Reference Space: Most of the colour management softwares use a device-independent space defined by Commission International de l’ éclairage (CIE) in 1931 as the reference space. This space broadly describe all colours visible to the human eye and is based upon an average response from a set of people with no vision issues.
Adobe RGB 1998 space was designed by Adobe Systems Inc. with the basic purpose to include nearly all the colours achievable on CMYK printers, but by using only RGB primary colours on device like a computer monitor. This space encompasses approximately 50% of the visible colours specified by CIE.
sRGB space was introduced by HP & Microsoft and has become the standard colour space because it approximates the colour range (gamut) of most common computer display devices. sRGB colour range is approximately 35% of the visible colours specified by CIE.
It can be seen from the above figure that Adobe RGB improves upon primarily in cyan-greens.
JPEG images can contain up to 16.7 million colours and different colour spaces allows to use a broader or narrower range of those 16.7 million colours used in a JPEG image.
Most of the computer based devices, applications, internet, video games, smartphones have adapted sRGB as the standard colour space.
Typically an average monitor will display about 97% of the sRGB space and only about 76% of the Adobe RGB colour space.
Our DSLR cameras give us the option to choose a colour space in the shooting menu settings.
The end use of photographs is a major factor in choosing the colour space. If the photographs are to be used only on Web, sRGB is a good option because any photograph uploaded on internet even if with Adobe RGB colour space will get converted into sRGB space.
But when it comes to Professional photography, the end use is not restricted to internet, quite a number of photographs are printed and for printing Adobe RGB colour space is a better option as most of the good printers are capable of printing more colours than encompassed in sRGB space.
In short, Adobe RGB space provides not only a wider range of colours compared to sRGB space but also more vibrant and accurate colours for printing. A photograph clicked in Adobe RGB space can be converted into sRGB but reverse is not possible. As far as the camera settings are concerned,Adobe RGB space is the preferred option.
The Photography monitor
Most of the monitors available are mainly sRGB colour space monitors, which means that all the colours available in Adobe RGB space will not be visible on these monitors, roughly 76% of Adobe RGB space is displayed. This is one of the reasons that prints look different than the screen display. This difference comes as an element of surprise to many photographers, wysinwyg- what you see is not what you get.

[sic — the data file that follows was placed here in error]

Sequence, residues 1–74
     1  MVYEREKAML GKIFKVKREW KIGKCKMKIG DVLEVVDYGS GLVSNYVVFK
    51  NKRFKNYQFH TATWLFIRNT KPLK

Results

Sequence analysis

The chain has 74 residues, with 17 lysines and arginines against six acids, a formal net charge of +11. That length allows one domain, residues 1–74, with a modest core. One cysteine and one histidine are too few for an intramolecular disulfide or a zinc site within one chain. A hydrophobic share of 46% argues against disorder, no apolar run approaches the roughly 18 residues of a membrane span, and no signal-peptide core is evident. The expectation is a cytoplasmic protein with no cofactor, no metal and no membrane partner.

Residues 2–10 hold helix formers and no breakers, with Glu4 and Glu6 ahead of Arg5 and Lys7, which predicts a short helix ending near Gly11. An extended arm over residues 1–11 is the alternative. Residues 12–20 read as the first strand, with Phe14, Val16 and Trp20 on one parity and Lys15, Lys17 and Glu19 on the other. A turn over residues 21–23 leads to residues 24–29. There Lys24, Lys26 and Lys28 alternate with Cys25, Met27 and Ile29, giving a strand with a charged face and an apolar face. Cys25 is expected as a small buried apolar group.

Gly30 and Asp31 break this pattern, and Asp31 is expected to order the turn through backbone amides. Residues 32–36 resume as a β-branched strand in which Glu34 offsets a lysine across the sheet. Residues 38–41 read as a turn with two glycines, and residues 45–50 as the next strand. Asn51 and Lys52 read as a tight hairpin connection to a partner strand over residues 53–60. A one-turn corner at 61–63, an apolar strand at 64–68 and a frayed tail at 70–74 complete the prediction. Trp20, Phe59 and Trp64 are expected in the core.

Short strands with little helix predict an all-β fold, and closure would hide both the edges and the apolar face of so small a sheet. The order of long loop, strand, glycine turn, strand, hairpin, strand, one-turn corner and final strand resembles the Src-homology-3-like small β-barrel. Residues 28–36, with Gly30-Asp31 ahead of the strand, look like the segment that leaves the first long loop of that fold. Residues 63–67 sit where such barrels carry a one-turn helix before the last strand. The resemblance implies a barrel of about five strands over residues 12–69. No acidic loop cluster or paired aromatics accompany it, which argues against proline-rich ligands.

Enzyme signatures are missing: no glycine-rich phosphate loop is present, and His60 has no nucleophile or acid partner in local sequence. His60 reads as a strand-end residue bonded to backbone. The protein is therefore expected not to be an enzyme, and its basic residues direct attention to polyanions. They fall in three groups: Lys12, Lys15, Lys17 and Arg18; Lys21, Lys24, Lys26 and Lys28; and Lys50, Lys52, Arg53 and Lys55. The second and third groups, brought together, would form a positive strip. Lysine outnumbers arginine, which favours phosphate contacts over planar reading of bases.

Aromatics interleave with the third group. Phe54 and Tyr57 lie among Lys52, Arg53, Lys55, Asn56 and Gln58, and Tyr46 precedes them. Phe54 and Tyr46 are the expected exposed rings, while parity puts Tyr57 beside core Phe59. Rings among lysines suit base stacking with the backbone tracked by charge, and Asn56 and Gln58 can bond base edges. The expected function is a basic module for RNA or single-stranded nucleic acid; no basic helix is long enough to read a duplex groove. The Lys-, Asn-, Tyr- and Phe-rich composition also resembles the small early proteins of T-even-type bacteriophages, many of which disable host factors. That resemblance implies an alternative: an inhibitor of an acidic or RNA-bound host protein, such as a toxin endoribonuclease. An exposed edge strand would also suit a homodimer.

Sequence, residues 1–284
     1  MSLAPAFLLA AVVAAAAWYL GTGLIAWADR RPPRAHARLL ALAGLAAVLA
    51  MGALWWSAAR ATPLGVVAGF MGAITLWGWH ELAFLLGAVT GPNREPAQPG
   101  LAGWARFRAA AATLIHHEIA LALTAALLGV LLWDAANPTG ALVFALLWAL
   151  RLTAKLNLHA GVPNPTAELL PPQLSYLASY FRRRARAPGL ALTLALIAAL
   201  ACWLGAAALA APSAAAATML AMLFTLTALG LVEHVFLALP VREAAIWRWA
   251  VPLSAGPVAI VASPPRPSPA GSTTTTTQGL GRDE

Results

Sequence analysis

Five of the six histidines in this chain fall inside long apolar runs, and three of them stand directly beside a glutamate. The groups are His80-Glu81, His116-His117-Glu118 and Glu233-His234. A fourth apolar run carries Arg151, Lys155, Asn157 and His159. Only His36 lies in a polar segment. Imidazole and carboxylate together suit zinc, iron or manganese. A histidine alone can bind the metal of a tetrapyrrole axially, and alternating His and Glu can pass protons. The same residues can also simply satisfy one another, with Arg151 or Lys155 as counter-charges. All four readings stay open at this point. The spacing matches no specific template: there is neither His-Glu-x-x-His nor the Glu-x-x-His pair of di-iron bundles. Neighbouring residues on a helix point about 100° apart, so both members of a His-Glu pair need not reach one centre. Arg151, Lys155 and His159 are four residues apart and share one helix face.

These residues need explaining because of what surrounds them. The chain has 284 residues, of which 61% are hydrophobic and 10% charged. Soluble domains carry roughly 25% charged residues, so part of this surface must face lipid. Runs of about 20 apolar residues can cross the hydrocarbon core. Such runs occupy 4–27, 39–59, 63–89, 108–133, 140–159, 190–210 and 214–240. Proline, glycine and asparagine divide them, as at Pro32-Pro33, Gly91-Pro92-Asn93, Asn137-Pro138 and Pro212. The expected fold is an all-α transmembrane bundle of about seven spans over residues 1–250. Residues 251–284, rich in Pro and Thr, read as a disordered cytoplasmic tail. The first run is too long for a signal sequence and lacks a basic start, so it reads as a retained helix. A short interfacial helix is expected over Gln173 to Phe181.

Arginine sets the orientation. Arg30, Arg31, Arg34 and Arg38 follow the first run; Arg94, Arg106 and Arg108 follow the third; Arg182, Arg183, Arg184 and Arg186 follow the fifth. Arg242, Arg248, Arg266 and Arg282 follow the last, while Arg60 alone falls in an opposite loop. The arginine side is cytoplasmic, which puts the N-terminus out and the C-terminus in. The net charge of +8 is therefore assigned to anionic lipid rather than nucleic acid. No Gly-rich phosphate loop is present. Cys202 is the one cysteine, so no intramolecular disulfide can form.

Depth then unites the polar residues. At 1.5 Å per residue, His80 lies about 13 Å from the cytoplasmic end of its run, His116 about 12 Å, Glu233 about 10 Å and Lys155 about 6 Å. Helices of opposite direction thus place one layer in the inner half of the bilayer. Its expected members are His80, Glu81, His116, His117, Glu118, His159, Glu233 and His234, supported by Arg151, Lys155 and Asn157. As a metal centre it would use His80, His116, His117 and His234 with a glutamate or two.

To get the accuracy in colours, Adobe RGB space monitors are better placed than sRGB ones and BenQ SW2700PT is a competitively priced good option.
The 27 inches monitor looks impressive and stands tall with a sturdy stand, shading hood & an external circular On-Screen Display (OSD) controller which connects via mini-USB.
The assembly and installation was easy and in less than 10 minutes the display was operational, that too without the help of instruction manual or any tool.
The first thing which came to mind was to check the colours, USP of the monitor. There are various options available in Colour mode but the real test lies in Adobe RGB vs sRGB.
And for this test, selected some photographs of Japanese food which has lot of texture and most importantly is very colourful. The initial editing of these photographs which were clicked in RAW mode/Adobe RGB space was done on a 27 inches iMac using Adobe Lightroom and saved as Tiff files.
To start with, just opened the file with the standard viewer. Even in the standard viewer the change was noticeable. The colours look much more vibrant, bright and crisp with lot of details, could see some extra tones with the Adobe RGB mode vis a vis sRGB mode. The monitor gives 99% Adobe RGB coverage.
Though in Adobe RGB space the range of colours is wider in cyans and greens as compared to other colours in sRGB space, the difference was quite obvious in reds and oranges also.
These photographs were clicked and edited in Adobe RGB colour space, opened the files again in Photoshop and tried the option of proof setup with gamut warning activated. This step can also be tried on sRGB monitors but all the colours will be displayed only on Adobe RGB monitor. This helps to identify the colours which are there in the photograph clicked in Adobe RGB colour space but not visible in sRGB space.
The IPS (in-plane switching) technology in the monitor offers viewing angles close to 180° without any changes in the display of the image in terms of contrast and luminosity. It doesn’t darken or change colours when there is a change in viewing angle or when two people are looking at the same screen while editing the photographs.
For calibration of monitor in order to maintain the colour performance to its optical performance basically for colour management, BenQ monitor comes a software “Palette Master Element” which can be used with most of the external calibrators available in the market.